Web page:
It was a stormy Wednesday morning commute with intense wind and driving rain, when a driver lost control of her car, struck a utility pole and ultimately caused eight to fall all along the road in front of the Quest building. The power went out, and live wires and downed transformers blocked traffic. Everyone in the office was trapped.

This wasn’t a “major” event — not the kind of incident we typically think of when we talk disaster. Yet even something this mundane could have put our company completely out of operation for at least several days.

We executed our own disaster recovery plan

As a Disaster Recovery and Business Continuity services provider for scores of clients, Quest was better positioned than most companies to handle just such a disruption.

Initially, battery and generator backup provided phone and Internet capabilities. By utilizing resources at several other locations, Quest was able to continue functioning until they got the all-clear to evacuate, and fortunately no one was injured — that’s when we began executing on Quest’s own Disaster Recovery procedures.

By three o’clock the same afternoon we were fully operational at remote locations, with some of our staff at our Business Resumption Center and others working from home. Customer service calls, billing, email, phones — everything we needed to keep functioning was operational.

No operational disruptions

For the Quest team, the event was an unqualified success—not a drill, but the real deal providing employees with a window to what the company does for clients. As for Quest customers, they didn’t experience any difference in service.

There’s nothing Quest could do before that we can’t do now. That’s precisely why we have Disaster Recovery capability.

If you never drill, it’s just theory

“Part of the success of the plan’s execution,” says Quest CTO, Mike Dillon, “came from disaster recovery drills, which Quest does quarterly.”

“Drills make a huge difference — we already knew what we needed for our critical systems to function,” explains Mike. “If you never drill, it’s just theory. Every drill we do teaches us something, makes us smarter about our own operations, and smarter about the operations of our clients.”

Quest’s disaster recovery experience is a big advantage for clients. Most companies, even those with a plan, don’t take disaster recovery drills seriously. Even for those that do, the disaster will still be a first-time event. Our business is helping companies, including our own, recover from disasters. Our clients have that experience to lean on.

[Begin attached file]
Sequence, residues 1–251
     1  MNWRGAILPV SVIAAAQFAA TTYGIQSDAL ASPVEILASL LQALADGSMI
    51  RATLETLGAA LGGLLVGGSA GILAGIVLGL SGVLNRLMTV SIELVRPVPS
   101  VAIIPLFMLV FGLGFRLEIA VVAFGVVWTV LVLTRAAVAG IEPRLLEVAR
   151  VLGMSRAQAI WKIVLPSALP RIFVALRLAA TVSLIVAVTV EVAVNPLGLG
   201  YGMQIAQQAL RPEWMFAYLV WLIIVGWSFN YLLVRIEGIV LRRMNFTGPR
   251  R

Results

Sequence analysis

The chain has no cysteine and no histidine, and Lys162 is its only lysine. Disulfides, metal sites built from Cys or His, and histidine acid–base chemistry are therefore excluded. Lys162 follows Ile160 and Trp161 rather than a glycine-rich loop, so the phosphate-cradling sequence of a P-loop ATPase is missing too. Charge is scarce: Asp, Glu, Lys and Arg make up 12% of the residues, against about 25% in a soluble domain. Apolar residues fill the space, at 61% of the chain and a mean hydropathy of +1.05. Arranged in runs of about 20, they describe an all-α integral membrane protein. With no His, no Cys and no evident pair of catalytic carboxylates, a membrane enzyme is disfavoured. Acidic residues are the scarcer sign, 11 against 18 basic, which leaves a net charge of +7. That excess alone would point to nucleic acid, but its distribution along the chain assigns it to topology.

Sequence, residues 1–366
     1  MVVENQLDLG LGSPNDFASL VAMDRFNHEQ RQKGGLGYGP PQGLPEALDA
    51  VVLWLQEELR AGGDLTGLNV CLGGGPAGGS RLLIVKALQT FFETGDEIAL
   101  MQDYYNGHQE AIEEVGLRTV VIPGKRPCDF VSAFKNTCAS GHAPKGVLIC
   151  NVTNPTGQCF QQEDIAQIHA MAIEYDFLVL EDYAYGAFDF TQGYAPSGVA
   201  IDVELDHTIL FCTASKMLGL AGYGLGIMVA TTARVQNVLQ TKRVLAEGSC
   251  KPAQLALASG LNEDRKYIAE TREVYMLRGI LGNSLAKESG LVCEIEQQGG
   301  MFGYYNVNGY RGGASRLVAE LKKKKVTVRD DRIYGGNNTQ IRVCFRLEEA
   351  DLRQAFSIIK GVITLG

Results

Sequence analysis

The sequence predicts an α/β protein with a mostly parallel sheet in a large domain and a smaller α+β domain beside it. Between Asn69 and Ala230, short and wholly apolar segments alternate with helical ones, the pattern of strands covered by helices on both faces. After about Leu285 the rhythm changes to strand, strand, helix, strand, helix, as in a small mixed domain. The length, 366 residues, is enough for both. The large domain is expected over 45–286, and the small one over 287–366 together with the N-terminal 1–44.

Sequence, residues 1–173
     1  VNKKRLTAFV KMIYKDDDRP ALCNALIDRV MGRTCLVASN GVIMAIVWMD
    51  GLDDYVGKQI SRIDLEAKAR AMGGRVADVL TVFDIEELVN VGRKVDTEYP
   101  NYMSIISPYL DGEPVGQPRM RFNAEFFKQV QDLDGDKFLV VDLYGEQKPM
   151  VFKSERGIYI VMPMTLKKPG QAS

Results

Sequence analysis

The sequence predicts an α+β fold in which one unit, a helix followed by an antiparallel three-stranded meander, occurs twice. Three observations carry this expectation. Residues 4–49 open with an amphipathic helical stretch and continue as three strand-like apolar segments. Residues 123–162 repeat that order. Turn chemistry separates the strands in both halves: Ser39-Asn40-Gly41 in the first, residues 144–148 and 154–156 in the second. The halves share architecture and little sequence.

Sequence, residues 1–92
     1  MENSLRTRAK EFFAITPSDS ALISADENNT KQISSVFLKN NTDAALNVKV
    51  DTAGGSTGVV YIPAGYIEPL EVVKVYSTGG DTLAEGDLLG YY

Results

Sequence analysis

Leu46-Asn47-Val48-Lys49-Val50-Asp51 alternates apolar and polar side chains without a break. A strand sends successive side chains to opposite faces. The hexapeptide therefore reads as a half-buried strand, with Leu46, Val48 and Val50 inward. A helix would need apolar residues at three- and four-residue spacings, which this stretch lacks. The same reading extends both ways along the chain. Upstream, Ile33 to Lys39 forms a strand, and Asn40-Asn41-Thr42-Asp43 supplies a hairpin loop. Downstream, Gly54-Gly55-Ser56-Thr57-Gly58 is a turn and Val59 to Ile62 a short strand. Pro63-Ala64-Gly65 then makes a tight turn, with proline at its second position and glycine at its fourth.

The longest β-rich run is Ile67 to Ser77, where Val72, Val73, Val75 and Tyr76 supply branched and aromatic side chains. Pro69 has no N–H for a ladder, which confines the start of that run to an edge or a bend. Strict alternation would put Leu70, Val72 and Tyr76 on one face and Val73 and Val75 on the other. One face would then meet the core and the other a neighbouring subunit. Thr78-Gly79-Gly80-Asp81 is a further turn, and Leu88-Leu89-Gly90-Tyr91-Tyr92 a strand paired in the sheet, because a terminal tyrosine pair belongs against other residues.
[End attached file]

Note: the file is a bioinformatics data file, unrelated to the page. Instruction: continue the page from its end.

Be prepared for the mundane and the catastrophic

Every event, real or drill, is a learning experience. It’s a sentiment shared by Quest COO Kathy Campbell. “One of our ah-ha moments came when we had to address some issues that occurred at the corporate office during our absence —no power to the employee refrigerators and freezers, and no one in the office to feed the fish. Continuing our business operations at a remote site turned out to be the easy part.” And it allowed the city, county, and power company to do their clean up for as long as necessary

Reflecting on lessons learned, I put a priority on keeping all staff up to date about what’s happening. The need-to-know rule applies to everyone in your organization. My primary take-away? Even little disasters can have a huge impact. You need to be as prepared for a mundane disruption as you are for a catastrophic one.

Downed telephone poles in front of the Quest office

How cloud computing and VoIP make IT disruption avoidance easier — and less costly

Nobody stays in business long if their business-critical data and apps are lost. So pardon me if I sound like my replay button got stuck, but I’ll say it again: make sure your critical data and apps are replicated to a secure remote environment that’s always accessible from anywhere.

You’re at least halfway there if you’re using a cloud-based backup replication service — but, of course, you need to make sure you’re dealing with a provider with a secure, scalable, fail-safe environment and plenty of flexibility when it comes to service options.